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Tuesday, 2 March 2010

The great dauphinoise debate

I suspect that it's probably going too far to say that the culinary world is riven when it comes to the perfect dauphinoise, but there is enough disagreement as to cooking technique and ingredients to warrant Forkful adding its two penneth to the topic.  My standpoint is informed, as with so many things in the kitchen, by my mother's tried, tested and much complimented way of doing things (see below). 

Potato dauphinoise is surely one of the most delicious things to grace a table. But before I let you into the best way of cooking it (in my opinion), let's just consider some of the options available.  Nigella Lawson, in How to Eat, advises cooks to simmer the potatoes in the milk and cream mixture on the hob before tipping the whole lot into an oven-proof dish and baking.  Any number of cooks will tell you to add Gruyere or Parmesan, either to the milk and cream mixture, or to the top layer to ensure a burnished crust.  James Martin even advocates mozzarella which I think sounds revolting.  Then there's the vexed question of whether to add nutmeg or not.  Gordon Ramsey does not; Skye Gyngell, writing recently in the Independent, does.  The one thing that seems to unite writers is that dauphinoise is best when large potatoes of the waxier variety are used.  Desiree is a popular choice.

It's my view that potato dauphinoise does not need cheese, herbs or nutmeg.  The combination of garlic, salt and cream is sufficient, particularly if you're going to serve the gratin with something meaty and delectable (beef or duck would be excellent if you're having a blow out).  Talking of accompaniments though, I happen to think that a slice of dauphinoise with just a sharply-dressed green salad (perhaps of young spinach or butter lettuce) on the side is a pretty perfect plate of food.  

The instruction to simmer the potatoes in the cream and milk prior to baking is not, to my mind, necessary either.  This method also means that the finished article is not attractively layered, but a bit more of a hotch-potch.  Provided you bake the potatoes for long enough you will never end up with undercooked spuds, which seems to be the principal reason for advocating the technique. 

To serve four:

5 large-ish Desiree potatoes
300ml of double cream
250ml of whole milk
Three cloves of garlic, minced
Small piece of butter
Salt and pepper

Pre-heat the oven to 190 degrees.

Thinly slice the potatoes (about 4mm thick).  Mix the cream, milk and garlic together.  Season very well with salt - when you taste the mixture it should seem oversalted, but don't worry as the potatoes will drink this up and the result will be perfect.  Layer the potatoes in a baking dish measuring about 10" by 10", ensuring that you retain whole slices for the top layer.  Over each layer pour a little of the mixture, and pour the rest over when you reach the top.  Dot with butter and cover the dish with foil.  Bake for an hour in the middle of the oven.  After an hour, remove the foil and bake for a further 30 minutes after which the top should be golden and bubbling, and the potatoes soft and yielding when poked with a knife.  If they still feel a little hard, put them back in the oven for a further 15 minutes or so.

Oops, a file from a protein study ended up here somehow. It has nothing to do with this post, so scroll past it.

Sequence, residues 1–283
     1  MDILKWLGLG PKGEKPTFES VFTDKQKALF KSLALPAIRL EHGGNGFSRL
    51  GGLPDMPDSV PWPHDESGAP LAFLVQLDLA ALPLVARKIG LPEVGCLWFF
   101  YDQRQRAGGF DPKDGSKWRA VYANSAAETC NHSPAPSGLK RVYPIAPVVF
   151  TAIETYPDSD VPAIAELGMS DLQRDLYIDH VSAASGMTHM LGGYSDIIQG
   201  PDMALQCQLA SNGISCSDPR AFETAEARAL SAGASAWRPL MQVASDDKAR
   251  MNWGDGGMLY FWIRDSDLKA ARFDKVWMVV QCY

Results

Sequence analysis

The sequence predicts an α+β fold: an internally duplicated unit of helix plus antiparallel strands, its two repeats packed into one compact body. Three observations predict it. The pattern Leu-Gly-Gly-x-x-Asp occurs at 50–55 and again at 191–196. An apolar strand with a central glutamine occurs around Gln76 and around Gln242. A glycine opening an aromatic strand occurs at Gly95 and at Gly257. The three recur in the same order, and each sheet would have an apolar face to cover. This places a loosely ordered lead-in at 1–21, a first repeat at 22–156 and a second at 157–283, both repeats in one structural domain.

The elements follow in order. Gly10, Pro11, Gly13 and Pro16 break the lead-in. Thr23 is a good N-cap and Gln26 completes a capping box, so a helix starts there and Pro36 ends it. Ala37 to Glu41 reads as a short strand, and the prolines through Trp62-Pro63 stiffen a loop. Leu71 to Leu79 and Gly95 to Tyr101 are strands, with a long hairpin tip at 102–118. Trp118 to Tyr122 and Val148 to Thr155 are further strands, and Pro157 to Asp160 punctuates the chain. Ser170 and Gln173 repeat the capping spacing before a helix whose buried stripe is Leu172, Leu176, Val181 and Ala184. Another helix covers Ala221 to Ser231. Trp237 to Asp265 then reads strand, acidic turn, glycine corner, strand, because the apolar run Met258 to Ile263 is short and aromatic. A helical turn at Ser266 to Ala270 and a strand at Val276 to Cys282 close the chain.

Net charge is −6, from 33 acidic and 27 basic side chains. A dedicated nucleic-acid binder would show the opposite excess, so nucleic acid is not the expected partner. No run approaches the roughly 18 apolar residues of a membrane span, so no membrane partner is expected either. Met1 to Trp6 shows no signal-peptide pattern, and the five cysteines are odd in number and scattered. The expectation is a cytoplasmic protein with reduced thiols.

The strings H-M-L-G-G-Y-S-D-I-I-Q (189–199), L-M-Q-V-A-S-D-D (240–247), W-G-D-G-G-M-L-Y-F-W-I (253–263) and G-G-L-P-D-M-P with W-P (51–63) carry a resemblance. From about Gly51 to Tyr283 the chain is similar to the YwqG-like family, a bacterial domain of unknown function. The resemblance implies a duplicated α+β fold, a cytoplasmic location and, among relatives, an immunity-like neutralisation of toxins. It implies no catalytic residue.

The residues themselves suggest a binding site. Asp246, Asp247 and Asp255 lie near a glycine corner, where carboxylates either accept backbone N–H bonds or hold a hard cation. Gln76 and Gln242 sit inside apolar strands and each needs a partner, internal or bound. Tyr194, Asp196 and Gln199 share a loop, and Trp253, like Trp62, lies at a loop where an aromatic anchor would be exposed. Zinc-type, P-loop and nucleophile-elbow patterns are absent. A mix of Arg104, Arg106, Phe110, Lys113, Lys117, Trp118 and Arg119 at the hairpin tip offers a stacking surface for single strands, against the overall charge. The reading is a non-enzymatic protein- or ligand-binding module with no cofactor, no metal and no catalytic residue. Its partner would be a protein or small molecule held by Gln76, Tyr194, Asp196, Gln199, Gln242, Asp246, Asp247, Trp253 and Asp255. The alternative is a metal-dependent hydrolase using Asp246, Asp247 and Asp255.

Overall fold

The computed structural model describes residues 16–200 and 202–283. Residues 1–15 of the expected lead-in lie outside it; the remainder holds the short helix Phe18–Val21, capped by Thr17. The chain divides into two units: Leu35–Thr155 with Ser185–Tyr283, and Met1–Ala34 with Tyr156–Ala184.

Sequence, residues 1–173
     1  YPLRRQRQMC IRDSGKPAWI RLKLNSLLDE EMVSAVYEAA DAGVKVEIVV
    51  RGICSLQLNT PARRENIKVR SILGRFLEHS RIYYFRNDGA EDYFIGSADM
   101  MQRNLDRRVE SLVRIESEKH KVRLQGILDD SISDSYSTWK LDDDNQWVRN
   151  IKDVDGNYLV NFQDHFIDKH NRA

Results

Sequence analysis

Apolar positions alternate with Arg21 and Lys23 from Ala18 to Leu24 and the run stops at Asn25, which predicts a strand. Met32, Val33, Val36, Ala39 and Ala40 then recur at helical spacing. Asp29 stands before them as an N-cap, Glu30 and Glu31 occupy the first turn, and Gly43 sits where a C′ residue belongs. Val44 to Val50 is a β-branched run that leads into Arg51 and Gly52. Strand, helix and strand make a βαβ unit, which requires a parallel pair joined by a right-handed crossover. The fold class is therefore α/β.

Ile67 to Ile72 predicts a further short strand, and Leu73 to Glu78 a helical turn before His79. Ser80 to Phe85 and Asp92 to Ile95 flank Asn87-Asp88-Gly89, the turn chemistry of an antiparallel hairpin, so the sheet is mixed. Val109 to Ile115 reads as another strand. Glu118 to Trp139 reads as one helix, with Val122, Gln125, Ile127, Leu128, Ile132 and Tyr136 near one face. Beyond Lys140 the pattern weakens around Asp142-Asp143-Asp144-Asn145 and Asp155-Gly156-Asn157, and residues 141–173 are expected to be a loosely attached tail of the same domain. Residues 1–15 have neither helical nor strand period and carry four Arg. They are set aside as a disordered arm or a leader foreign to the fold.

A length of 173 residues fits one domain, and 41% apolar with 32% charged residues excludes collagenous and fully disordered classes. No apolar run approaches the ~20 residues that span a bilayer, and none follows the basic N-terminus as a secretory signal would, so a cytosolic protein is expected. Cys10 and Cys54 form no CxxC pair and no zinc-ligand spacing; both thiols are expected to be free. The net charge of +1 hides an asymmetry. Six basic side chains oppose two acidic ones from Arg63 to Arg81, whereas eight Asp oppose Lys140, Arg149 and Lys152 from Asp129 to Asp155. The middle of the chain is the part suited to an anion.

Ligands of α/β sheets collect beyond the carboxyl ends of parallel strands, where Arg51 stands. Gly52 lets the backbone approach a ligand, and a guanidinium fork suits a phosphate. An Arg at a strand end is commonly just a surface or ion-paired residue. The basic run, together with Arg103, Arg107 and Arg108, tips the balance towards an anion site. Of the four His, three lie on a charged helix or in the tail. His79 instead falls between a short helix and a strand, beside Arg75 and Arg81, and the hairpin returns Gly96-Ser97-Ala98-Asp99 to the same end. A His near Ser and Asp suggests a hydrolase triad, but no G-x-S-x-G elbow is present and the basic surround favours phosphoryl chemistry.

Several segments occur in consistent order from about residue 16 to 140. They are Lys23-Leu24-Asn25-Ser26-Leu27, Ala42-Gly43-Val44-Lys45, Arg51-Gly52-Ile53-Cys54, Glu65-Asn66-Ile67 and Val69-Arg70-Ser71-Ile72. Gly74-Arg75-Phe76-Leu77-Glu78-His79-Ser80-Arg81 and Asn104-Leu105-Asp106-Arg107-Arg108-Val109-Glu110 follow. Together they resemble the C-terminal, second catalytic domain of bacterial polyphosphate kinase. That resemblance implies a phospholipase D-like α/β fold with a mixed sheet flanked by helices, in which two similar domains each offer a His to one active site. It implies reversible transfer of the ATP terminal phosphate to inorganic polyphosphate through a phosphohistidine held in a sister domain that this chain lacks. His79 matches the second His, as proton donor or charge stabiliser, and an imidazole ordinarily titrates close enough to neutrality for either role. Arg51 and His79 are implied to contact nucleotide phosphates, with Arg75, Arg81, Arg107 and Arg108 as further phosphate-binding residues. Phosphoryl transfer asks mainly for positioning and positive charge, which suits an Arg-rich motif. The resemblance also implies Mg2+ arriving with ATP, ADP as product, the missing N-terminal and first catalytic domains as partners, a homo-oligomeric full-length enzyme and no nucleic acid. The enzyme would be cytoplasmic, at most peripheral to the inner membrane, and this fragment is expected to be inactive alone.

1. thats just right. although i do add a little nutmeg to the milk/cream, strangely enough on the advice of gordon ramsey! he did it with nutmeg a few years ago and that prompted me to follow suit. the pre-rubbing of the baking dish with butter and garlic - also advocated by ramsey - is de rigeur.

  2. Thank you for this, such simplicity ... I am an avid follower of Gordon, Nigella and good old Delia but I made it your way and it was much less fussy and to be honest tasted better.

  3. Hey Karen, Thanks very much: firstly, for reading the post and, secondly, for following a recipe and then being nice enough to comment on it. I am so glad that this worked for you!

  4. Hi Hannah, thank you - my husband has asked me to make it over and again since I first tried it out. I'd eaten it often when I lived in England but it was never so good as this. I now live in Canada and there is no such thing as double cream here sadly, but I used 550ml of a thing called half and half instead - it worked perfectly. I love your blog :)

  5. rubbing the pan with a turnip also helps give it a special flavour.

  6. I thought 4mm was way too chunky, I do about 1.5mm on my mandolin - agree about the mozarella cheese - yuck!

  7. Thanks so much. I have searched for the perfect recipe for some time and think that you've done it. Also quite liked with sauted mushrooms tucked in amongst the potatoes and grated parmesan on top.

  8. I have been reading lots on how best to prepare this dish, and I like the sound of your version. My experience of eating potatoes this way is limited to a famous chain of French restaurants in the UK so that is all I have to compare with... I am looking forward to trying a home cooked version which I imagine will taste very different and (hopefully) delicious!

  9. This is a dish that benefits from a few minutes in the microwave before putting it in the oven. It cuts down the oven time significantly and - unlike Nigella's tip, helps keep everything pretty.

  10. Very good - just follow recipe as laid out for great results



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